On Wednesday 11th September, we will be running another Burning Debate at ECTRIMS 2019 in Stockholm. We want MS clinicians and researchers to use social media (specifically Twitter) that can include people affected by MS in discussions and debates about MS research and treatments.
The topic this year is: It is inappropriate to prescribe interferon-beta and glatiramer acetate for active relapsing MS.
Debate Chair: Jacqueline Palace
Speaking FOR the motion: Gisela Kobelt (Health Economist, Sweden)
Speaking AGAINST the motion: Magd Zakaria (Professor of Neurology, Cairo, Egypt)
Time: 15.45 – 17:15 (90 minutes)
Room: Hall C
Date: Wednesday 11th September
This burning debate will address the topical motion: From a healthcare provider perspective, it is now inappropriate to prescribe first generation injectables (interferon-beta and glatiramer acetate) to newly diagnosed patients with active relapsing MS.
The live audience are encouraged to participate in the session by tweeting comments and questions using #burningdebate. At the end of the two presentations, the audience can vote on who should win the debate through Twitter.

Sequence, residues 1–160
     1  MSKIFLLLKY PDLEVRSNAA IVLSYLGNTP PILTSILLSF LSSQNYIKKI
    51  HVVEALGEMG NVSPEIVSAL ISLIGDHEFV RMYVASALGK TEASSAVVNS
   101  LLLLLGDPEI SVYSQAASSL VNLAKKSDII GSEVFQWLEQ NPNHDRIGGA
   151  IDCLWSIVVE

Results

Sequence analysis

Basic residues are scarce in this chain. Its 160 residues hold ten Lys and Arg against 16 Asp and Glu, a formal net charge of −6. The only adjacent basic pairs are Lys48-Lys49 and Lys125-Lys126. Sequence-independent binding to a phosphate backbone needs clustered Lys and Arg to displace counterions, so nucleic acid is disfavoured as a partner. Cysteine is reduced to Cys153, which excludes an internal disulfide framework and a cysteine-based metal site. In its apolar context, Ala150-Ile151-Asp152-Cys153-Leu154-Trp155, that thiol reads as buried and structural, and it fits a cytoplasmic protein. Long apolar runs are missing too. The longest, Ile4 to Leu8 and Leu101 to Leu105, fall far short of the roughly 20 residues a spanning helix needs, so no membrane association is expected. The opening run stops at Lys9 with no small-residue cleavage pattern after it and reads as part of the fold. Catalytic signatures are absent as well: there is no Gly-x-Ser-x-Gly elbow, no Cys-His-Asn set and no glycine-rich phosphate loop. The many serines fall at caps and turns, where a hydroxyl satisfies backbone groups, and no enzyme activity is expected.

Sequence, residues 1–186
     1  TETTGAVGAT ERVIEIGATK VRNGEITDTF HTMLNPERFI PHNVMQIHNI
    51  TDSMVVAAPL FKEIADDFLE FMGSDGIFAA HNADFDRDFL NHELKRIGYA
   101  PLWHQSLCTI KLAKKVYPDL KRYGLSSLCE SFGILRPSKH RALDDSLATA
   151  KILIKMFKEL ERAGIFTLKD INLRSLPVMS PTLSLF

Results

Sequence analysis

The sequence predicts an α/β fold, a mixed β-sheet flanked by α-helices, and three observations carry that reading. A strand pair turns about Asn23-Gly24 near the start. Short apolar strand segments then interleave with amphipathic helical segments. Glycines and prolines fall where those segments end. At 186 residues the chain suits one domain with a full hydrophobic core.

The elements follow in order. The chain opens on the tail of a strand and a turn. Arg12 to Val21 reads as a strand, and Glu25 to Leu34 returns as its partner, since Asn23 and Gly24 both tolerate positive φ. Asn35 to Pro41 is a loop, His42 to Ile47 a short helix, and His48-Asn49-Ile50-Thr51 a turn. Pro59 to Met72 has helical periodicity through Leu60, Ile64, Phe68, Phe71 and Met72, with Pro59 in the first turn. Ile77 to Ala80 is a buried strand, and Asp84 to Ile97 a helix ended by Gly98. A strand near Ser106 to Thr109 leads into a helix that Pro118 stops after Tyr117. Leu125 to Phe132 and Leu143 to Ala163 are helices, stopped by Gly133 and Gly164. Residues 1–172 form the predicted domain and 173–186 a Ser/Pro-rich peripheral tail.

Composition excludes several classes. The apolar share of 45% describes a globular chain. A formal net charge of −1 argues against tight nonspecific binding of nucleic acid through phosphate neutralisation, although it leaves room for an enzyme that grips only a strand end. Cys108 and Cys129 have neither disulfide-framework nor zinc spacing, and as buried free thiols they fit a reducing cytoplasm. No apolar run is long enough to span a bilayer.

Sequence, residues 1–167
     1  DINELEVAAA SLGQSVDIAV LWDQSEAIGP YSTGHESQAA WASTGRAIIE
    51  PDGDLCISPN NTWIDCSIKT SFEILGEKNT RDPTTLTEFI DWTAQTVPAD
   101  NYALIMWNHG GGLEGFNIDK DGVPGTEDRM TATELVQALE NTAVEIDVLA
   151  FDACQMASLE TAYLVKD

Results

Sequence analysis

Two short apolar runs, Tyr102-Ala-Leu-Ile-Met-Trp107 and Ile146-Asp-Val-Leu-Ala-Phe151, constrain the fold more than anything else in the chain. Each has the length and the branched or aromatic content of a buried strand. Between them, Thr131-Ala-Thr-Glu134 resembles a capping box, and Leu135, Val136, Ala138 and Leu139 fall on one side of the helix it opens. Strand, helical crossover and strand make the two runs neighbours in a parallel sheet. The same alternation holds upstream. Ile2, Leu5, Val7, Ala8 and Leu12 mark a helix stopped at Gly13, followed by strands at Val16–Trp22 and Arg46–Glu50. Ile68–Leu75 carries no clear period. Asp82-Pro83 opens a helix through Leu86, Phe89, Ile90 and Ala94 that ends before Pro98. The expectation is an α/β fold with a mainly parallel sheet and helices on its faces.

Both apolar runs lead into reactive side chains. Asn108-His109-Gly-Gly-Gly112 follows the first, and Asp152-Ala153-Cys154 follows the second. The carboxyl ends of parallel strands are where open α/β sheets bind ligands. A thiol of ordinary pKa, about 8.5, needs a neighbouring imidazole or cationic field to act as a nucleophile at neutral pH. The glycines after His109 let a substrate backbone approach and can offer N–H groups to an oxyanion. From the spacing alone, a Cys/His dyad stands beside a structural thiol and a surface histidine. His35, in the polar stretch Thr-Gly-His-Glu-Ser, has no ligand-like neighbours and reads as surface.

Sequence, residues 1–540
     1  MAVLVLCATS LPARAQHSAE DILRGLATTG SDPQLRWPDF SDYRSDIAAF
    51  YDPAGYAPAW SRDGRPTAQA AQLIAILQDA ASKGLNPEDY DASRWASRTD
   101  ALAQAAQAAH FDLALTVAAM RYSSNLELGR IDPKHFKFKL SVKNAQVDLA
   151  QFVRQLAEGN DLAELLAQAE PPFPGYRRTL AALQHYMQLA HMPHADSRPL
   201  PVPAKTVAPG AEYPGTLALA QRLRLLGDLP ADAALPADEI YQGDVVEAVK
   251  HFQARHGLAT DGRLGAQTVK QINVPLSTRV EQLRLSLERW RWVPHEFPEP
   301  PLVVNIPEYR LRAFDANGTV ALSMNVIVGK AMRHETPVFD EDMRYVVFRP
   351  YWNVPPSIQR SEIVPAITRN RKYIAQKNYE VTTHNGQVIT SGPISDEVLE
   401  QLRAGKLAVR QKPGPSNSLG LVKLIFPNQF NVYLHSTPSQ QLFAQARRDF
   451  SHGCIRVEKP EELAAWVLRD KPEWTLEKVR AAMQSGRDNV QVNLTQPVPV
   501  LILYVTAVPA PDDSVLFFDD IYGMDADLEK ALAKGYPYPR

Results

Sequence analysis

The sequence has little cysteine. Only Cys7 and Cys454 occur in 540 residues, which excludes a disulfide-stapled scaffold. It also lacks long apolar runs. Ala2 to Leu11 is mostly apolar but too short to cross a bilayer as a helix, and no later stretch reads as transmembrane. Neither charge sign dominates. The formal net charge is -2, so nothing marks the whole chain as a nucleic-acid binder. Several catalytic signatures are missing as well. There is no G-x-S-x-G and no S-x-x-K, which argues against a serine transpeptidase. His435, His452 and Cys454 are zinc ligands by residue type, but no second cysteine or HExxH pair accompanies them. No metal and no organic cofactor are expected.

Why is this topic of interest to patients? Since high-efficacy treatments are now available to people with MS, this debate posits that to prescribe lower efficacy treatments is no longer an appropriate course of action for clinicians. With so many available treatments out there, patients can be overwhelmed by the variety and can struggle to understand the merits and risks of each treatment. The speakers will discuss the pros and cons of putting patients on low efficacy, versus higher efficacy treatments.
If you want to get involved, you can follow the #burningdebate when the debate is happening and contribute your thoughts and comments to the speakers. In previous years, this has turned out to be challenging, entertaining, and has put some speakers on the spot!
We will post the video of the debate on the blog when it is ready.
Why is this topic of interest to clinicians? Many clinicians follow a pattern of low efficacy until MS worsens. This has been discussed many times on the blog, and is a key part of the Time = Brain (#msbrainhealth) campaign.
Why is this topic of interest to researchers? Researchers should be kept up to date with what happens with treatments once they are licensed and prescribed. This debate could influence how researchers think about developing new drugs, or conducting studies on existing ones.